Today’s twist on the old saw about racing improving the breed is that competition also benefits the breeders’ skill set. General Motors confirmed that theory five years ago when the company’s Performance Driving Team (PDT) got a green light. The reason you probably haven't heard of it is that they spend their time racing instead of tooting horns.
Read the full article on Hagerty.com: https://www.hagerty.com/media/motorsports/gm-fields-a-semi-secret-autocross-team-for-young-engineers...
Chrysler did a similar thing in the early 2000's when I was engineer there. I applied but was rejected as I had too much experience. They wanted young recent college grads who had limited hands-on knowledge. GM's program looks like a ton of fun.
Too bad they are not using cars & platforms from 50 years ago. The Chevelle & El Camino of that day are not forgotten. Even today, this would be totally awesome with the array of performance parts that are available for those cars of the past. They talking a small budget of $50,000 for tires & parts. **bleep**, that's what I'm looking at when I go shopping for a new car.
45 years ago our University sponsored autocrosses on Saturdays in our Arena parking lot. No car classes...Just run what ya brung. Everything ran from hopped up Chevy II's & Mustangs via the guys in Automotive Technology to VW Bugs. Saw a Porsche 914 flip on it's side once but those Bugs always had the last laugh. On that tight course, they were unbeatable...
As a Nebraska Region SCCA member and host region of the SCCA Solo Nationals in Lincoln, I remember a year when the GM/Pontiac engineers campaigned of all things the Pontiac Solstice. The team leader and driver was a woman and she had several male engineers with clipboards marking all sorts of things after each run. This was in 2005 or 2006.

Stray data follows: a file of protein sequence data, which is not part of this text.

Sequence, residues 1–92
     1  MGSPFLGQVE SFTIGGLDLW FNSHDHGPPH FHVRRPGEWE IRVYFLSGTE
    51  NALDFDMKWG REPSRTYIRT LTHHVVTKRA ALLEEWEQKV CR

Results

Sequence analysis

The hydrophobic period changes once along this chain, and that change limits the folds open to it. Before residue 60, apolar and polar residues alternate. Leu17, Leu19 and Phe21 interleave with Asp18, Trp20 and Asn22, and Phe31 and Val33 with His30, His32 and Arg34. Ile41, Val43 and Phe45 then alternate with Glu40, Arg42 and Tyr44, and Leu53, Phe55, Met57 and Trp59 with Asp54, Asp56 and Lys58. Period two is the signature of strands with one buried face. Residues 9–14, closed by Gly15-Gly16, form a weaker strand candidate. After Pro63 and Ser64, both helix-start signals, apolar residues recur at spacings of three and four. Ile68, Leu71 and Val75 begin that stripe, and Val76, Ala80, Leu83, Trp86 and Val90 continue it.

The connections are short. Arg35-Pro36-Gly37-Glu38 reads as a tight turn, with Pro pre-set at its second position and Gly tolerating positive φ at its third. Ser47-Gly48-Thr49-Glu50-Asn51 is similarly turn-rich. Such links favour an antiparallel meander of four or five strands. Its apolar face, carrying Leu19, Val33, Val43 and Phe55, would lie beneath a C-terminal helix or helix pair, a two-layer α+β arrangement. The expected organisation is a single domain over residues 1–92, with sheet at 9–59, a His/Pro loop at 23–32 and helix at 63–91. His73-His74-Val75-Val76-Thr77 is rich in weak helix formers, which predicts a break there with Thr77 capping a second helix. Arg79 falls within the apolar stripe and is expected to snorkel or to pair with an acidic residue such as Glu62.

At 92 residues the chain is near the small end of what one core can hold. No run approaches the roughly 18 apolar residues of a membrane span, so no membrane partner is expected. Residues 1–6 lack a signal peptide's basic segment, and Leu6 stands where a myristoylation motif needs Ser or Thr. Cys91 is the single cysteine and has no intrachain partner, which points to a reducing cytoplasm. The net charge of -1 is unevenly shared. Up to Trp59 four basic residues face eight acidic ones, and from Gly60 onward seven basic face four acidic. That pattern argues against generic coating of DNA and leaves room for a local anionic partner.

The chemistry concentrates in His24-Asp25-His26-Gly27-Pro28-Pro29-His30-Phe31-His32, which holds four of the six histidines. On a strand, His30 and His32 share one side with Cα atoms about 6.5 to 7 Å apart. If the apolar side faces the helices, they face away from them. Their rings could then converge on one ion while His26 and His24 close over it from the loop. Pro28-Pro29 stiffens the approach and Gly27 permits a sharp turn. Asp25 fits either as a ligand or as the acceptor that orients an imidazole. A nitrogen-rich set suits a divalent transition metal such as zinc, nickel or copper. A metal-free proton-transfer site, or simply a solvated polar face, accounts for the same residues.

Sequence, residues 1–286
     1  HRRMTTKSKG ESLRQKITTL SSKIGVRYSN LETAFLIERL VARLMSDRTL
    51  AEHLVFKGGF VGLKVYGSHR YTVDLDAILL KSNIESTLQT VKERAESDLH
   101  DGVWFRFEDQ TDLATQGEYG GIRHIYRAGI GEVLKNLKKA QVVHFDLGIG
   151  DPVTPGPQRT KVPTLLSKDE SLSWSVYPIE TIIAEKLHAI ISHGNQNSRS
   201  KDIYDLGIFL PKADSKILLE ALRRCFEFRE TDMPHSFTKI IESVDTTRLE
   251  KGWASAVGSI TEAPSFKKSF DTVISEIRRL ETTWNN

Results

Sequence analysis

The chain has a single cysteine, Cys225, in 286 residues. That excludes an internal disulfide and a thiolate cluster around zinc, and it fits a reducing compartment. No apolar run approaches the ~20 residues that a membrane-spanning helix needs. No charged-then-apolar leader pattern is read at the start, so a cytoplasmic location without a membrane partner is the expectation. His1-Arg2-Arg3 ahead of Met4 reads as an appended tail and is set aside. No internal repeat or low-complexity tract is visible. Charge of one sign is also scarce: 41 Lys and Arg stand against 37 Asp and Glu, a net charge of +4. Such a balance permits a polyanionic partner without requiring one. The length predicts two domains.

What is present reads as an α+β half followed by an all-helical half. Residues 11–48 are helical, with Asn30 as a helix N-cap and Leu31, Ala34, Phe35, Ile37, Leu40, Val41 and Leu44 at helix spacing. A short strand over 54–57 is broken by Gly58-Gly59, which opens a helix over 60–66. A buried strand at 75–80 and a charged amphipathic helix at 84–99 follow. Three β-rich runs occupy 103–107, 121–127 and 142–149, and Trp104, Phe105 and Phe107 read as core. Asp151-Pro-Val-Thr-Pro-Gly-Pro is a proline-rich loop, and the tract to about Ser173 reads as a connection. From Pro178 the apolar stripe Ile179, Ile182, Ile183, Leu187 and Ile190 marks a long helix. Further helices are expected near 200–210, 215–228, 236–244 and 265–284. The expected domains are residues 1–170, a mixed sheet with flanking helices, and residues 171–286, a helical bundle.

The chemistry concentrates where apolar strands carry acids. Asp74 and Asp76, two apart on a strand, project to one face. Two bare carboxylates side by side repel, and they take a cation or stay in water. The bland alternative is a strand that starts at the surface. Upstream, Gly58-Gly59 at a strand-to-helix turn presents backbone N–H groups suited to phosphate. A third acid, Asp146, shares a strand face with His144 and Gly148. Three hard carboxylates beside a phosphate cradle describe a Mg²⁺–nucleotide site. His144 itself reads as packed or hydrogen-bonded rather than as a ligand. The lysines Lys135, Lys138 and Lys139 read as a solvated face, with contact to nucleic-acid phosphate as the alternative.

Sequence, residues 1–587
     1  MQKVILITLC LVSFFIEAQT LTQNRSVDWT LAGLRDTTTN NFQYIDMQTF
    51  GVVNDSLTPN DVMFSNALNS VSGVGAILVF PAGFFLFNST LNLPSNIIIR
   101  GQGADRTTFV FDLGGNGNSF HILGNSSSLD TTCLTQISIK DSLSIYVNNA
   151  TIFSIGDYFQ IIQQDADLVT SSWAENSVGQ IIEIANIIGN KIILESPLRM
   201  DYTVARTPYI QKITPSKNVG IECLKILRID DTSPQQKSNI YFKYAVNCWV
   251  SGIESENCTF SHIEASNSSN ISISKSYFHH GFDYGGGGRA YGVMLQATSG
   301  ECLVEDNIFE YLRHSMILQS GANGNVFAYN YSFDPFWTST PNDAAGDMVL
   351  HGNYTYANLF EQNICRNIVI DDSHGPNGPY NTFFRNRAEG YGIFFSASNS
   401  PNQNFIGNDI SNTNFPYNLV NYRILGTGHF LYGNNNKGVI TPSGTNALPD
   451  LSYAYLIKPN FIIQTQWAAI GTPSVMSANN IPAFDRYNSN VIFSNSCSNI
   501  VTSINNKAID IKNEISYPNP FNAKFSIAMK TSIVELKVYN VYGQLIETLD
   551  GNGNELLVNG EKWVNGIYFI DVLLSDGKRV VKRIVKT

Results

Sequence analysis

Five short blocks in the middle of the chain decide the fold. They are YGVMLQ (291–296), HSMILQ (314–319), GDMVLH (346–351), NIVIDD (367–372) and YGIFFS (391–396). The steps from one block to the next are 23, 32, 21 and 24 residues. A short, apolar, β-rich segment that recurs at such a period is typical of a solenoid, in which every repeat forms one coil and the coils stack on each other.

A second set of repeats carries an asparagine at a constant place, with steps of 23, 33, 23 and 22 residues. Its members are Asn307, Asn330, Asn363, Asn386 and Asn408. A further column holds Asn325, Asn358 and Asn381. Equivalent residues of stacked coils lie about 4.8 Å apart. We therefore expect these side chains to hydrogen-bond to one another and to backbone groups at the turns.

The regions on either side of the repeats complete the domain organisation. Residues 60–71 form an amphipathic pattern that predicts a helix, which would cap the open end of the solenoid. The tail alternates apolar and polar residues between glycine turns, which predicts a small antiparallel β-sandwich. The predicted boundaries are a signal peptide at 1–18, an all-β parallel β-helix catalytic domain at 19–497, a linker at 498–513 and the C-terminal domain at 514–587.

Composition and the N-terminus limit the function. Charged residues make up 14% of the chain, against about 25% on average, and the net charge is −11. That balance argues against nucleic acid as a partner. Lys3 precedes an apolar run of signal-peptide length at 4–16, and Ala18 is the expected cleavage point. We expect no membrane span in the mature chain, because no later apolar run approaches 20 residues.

Went to the SCCA Solo Nationals Records. The GM Performance Division ran a 2006 Pontiac Solstice at the 2006 SCCA Solo Nationals driven by Brenda Loveday in C Stock Ladies class. She came in 5th; one place out of trophies. Then at the 2007 SCCA Solo Nationals GM Performance Division brought again a 2006 Pontiac Solstice competing in C Stock Ladies class. Car was driven by Mary E Sosa and Laurence Lemaire both finishing 7th and 8th respectively; three and four places out of trophies.
GM racing engineers are nothing new.
Over the years a good number of them raced off the clock. A number of the were SCCA Runoff champions.
The best was Herb Adams got his wife’s 64 Lemans, They turned it into a Trans Am car. They raced it and even was leading at Mid Ohio over the Donohue Camaro.
Mark Stielow one of their lead engineers also has build a number of Pro Touring Camaro's that have been killers on the street and track. He is a true hot rodder.
These people are there they just don’t get much attention.
This goes back to the 59’s as Bill Mitchell built the Stingray to race. Jim Wangers raced for Pontiac in super stock. And .DTS not forget Zora. He raced for GM and even got leave to race for Porsche.
There were many more than we can list.
Well, FWIW Bob Bondurant used to give a site tour to the students in a Ford van, I can't remember if it was 14 or 17 passenger but it was huge. When he got to the track, he said, "And here's where you will be doing laps!", put the hammer down, and took a lap at (as far as we could tell) full bore. Because we had a big group, there were other students following in the instructors' SHOs. They told us that the van's inside front tire looked like it was a foot off of the ground coming out of the corners! 😲 Bob was shuffling the big wheel and looked back at us and called, "Haven't rolled one yet!" My brother and I agreed that it was like that when you're a world-class driver.